For concise reviews of the subject and extensive bibliographies, see T. M. Jovin et al., “Automatic Sizing and Separation of Particles by Ratios of Light Scattering Intensities,” J. Histochem. Cytochem. 24, 269 (1976);G. C. Salzman, “Flow Cytometry: The Use of Lasers for Rapid Analysis and Separation of Single Biological Cells,” in The Biomedical Laser, L. Goldman, Ed. (Springer, New York, 1981), Chap. 5.
[CrossRef] [PubMed]

M. R. Clark, A. C. Greenquist, S. B. Shohet, “Stabilization of the Shape of Sickled Cells by Calcium and A23187,” Blood 48, 899 (1976).
[PubMed]

1975 (1)

J. D. Bessman, R. K. Johnson, “Erythrocyte Volume Distribution in Normal and Abnormal Subjects,” Blood 46, 369 (1975).
[PubMed]

1974 (2)

H. P. Mansberg, A. M. Saunders, W. Groner, “The Hemalog D White Cell Differential System,” J. Histochem. Cytochem. 22, 711 (1974).
[CrossRef] [PubMed]

L. M. Corash et al., “Separation of Erythrocytes According to Age on a Simplified Density Gradient,” J. Lab. Clin. Med. 84, 147 (1974).
[PubMed]

1960 (1)

H. E. Kubitschek, “Electronic Measurement of Particle Size,” Res. Appl. Ind. 13, 128 (1960).

1954 (1)

R. Barer, S. Joseph, “Refractometry of Living Cells,” Q. J. Microsc. Sci. 95, 399 (1954).

Arnfred, T.

T. Arnfred, S. D. Kristensen, V. Munck, “Colter Counter Model S and Model S-Plus Measurements of Mean Erythrocyte Volume (MCV) are Influenced by the Mean Erythrocyte Haemoglobin Concentration (MCHC),” Scand. J. Clin. Lab. Invest. 41, 717 (1981).
[CrossRef]

Barer, R.

R. Barer, S. Joseph, “Refractometry of Living Cells,” Q. J. Microsc. Sci. 95, 399 (1954).

Bayvel, L. P.

L. P. Bayvel, A. R. Jones, Electromagnetic Scattering and Its Applications (Applied Science, London, 1981), pp. 22–47.

Bessman, J. D.

J. D. Bessman, R. K. Johnson, “Erythrocyte Volume Distribution in Normal and Abnormal Subjects,” Blood 46, 369 (1975).
[PubMed]

Clark, M. R.

M. R. Clark et al., “Study on the Dehydrating Effect of the Red Cell Na+/K+-Pump in Nystatin-Treated Cells with Varying Na+ and Water Contents,” Biochim. Biophys. Acta 646, 422 (1981).
[CrossRef] [PubMed]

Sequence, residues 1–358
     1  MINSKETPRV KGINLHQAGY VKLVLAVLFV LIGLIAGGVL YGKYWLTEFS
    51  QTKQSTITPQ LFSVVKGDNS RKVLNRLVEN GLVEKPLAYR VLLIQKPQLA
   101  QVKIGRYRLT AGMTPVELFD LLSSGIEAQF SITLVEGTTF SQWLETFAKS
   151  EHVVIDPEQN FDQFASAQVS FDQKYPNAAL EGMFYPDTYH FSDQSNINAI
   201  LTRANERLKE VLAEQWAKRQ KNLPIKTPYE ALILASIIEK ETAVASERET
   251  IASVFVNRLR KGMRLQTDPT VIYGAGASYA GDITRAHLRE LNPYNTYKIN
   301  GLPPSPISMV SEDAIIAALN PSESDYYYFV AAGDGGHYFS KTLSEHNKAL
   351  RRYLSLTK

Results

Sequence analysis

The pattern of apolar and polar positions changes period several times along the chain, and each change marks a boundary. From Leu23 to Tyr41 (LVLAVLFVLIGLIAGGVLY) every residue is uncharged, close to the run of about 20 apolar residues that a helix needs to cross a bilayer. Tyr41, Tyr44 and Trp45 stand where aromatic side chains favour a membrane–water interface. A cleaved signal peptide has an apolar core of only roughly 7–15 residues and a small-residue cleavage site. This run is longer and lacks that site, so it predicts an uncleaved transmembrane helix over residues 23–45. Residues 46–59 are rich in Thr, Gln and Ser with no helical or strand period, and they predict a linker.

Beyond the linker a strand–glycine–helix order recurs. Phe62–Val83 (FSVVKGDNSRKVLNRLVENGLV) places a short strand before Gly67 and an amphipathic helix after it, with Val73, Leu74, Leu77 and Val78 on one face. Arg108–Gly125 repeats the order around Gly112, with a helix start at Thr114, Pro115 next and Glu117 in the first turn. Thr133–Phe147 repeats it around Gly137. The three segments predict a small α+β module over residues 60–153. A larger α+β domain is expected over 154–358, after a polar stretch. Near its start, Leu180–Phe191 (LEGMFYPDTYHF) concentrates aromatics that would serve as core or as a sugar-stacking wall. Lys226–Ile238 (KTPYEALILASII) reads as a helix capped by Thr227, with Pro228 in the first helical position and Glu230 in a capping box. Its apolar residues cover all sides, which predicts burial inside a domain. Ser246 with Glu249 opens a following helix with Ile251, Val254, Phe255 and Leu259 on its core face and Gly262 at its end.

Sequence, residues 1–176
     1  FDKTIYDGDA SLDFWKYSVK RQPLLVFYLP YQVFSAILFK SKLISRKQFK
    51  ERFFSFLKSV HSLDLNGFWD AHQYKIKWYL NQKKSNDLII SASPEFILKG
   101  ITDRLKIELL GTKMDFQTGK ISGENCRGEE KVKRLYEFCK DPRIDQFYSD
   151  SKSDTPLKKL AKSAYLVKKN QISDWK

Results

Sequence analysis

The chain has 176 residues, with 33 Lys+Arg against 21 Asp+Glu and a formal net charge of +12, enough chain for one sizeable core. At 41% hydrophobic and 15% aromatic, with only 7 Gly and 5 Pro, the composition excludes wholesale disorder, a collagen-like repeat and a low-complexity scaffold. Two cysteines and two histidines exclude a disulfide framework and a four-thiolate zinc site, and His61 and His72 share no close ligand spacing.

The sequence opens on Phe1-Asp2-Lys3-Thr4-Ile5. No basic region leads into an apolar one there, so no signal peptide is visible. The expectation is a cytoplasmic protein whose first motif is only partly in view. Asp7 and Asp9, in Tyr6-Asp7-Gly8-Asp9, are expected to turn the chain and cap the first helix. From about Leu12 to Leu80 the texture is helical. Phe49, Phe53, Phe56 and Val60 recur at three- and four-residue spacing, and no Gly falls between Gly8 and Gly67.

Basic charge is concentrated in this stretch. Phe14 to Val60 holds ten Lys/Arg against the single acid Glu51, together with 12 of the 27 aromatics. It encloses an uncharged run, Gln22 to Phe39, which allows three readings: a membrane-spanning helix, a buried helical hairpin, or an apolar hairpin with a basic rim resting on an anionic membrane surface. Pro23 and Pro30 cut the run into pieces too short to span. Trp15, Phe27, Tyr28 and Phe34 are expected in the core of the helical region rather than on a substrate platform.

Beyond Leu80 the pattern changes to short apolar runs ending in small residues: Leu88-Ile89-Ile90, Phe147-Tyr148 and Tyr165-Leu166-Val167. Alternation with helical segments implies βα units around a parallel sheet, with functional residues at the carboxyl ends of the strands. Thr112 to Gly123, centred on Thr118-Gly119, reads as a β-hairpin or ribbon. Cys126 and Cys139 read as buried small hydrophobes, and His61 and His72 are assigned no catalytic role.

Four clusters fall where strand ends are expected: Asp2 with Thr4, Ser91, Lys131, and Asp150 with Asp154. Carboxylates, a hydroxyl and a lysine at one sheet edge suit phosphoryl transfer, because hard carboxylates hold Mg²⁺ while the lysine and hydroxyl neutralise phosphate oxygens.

M. R. Clark, A. C. Greenquist, S. B. Shohet, “Stabilization of the Shape of Sickled Cells by Calcium and A23187,” Blood 48, 899 (1976).
[PubMed]

Corash, L. M.

L. M. Corash et al., “Separation of Erythrocytes According to Age on a Simplified Density Gradient,” J. Lab. Clin. Med. 84, 147 (1974).
[PubMed]

Greenquist, A. C.

M. R. Clark, A. C. Greenquist, S. B. Shohet, “Stabilization of the Shape of Sickled Cells by Calcium and A23187,” Blood 48, 899 (1976).
[PubMed]

Groner, W.

H. P. Mansberg, A. M. Saunders, W. Groner, “The Hemalog D White Cell Differential System,” J. Histochem. Cytochem. 22, 711 (1974).
[CrossRef] [PubMed]

Johnson, R. K.

J. D. Bessman, R. K. Johnson, “Erythrocyte Volume Distribution in Normal and Abnormal Subjects,” Blood 46, 369 (1975).
[PubMed]

Jones, A. R.

L. P. Bayvel, A. R. Jones, Electromagnetic Scattering and Its Applications (Applied Science, London, 1981), pp. 22–47.

Joseph, S.

R. Barer, S. Joseph, “Refractometry of Living Cells,” Q. J. Microsc. Sci. 95, 399 (1954).

Jovin, T. M.

For concise reviews of the subject and extensive bibliographies, see T. M. Jovin et al., “Automatic Sizing and Separation of Particles by Ratios of Light Scattering Intensities,” J. Histochem. Cytochem. 24, 269 (1976);G. C. Salzman, “Flow Cytometry: The Use of Lasers for Rapid Analysis and Separation of Single Biological Cells,” in The Biomedical Laser, L. Goldman, Ed. (Springer, New York, 1981), Chap. 5.
[CrossRef] [PubMed]

Kerker, M.

M. Kerker, The Scattering of Light and Other Electromagnetic Radiation (Academic, New York, 1969), Chap. 3.

Kim, Y. R.

Y. R. Kim, L. Ornstein, “Isovolumetric Sphering of Erythrocyte for More Accurate and Precise Cell Volume Measurement by Flow Cytometry,” Cytometry 3, 419 (1983).
[CrossRef] [PubMed]

Kristensen, S. D.

T. Arnfred, S. D. Kristensen, V. Munck, “Colter Counter Model S and Model S-Plus Measurements of Mean Erythrocyte Volume (MCV) are Influenced by the Mean Erythrocyte Haemoglobin Concentration (MCHC),” Scand. J. Clin. Lab. Invest. 41, 717 (1981).
[CrossRef]

Kubitschek, H. E.

H. E. Kubitschek, “Electronic Measurement of Particle Size,” Res. Appl. Ind. 13, 128 (1960).

Longhurst, R. S.

R. S. Longhurst, Geometrical and Physical Optics (Longman, London, 1967), pp. 446–448.

Mansberg, H. P.

H. P. Mansberg, A. M. Saunders, W. Groner, “The Hemalog D White Cell Differential System,” J. Histochem. Cytochem. 22, 711 (1974).
[CrossRef] [PubMed]

Mohandas, N.

N. Mohandas et al., “Inaccuracies Associated with the Automated Measurement of MCHC in Dehydrated Cells,” Blood 56, 125 (1980).
[PubMed]

Munck, V.

T. Arnfred, S. D. Kristensen, V. Munck, “Colter Counter Model S and Model S-Plus Measurements of Mean Erythrocyte Volume (MCV) are Influenced by the Mean Erythrocyte Haemoglobin Concentration (MCHC),” Scand. J. Clin. Lab. Invest. 41, 717 (1981).
[CrossRef]

Ornstein, L.